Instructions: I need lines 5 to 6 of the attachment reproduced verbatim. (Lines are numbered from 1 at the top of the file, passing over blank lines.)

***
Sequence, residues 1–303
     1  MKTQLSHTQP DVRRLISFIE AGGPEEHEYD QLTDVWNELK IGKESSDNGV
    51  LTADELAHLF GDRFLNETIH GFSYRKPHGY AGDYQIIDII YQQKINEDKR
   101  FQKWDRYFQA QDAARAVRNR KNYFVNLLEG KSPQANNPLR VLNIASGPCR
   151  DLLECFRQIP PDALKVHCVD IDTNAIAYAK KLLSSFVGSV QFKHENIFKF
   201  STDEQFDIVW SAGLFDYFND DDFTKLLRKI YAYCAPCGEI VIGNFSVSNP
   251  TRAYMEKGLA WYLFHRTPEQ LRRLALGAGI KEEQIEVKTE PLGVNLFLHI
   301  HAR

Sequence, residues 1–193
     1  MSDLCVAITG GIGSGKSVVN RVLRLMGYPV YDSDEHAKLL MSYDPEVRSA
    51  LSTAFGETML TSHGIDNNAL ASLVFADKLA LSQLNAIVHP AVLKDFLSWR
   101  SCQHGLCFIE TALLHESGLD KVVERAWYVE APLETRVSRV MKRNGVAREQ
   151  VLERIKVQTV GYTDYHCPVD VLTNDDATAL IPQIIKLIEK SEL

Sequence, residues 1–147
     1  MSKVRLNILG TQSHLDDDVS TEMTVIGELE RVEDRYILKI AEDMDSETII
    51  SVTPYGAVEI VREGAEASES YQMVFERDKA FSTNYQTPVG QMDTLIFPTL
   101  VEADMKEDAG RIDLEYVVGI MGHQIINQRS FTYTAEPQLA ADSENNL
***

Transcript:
   151  DLLECFRQIP PDALKVHCVD IDTNAIAYAK KLLSSFVGSV QFKHENIFKF
   201  STDEQFDIVW SAGLFDYFND DDFTKLLRKI YAYCAPCGEI VIGNFSVSNP